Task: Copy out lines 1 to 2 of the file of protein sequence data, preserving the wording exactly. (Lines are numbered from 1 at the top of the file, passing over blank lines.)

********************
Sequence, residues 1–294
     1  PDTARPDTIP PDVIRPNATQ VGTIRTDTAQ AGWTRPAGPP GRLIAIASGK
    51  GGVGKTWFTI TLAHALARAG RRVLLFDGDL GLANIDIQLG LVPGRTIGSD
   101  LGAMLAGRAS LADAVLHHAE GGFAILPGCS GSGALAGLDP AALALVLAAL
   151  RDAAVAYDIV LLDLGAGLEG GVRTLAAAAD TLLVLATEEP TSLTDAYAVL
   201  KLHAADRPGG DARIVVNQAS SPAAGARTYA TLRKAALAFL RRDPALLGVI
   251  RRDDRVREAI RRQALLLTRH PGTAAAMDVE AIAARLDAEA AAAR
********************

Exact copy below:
Sequence, residues 1–294
     1  PDTARPDTIP PDVIRPNATQ VGTIRTDTAQ AGWTRPAGPP GRLIAIASGK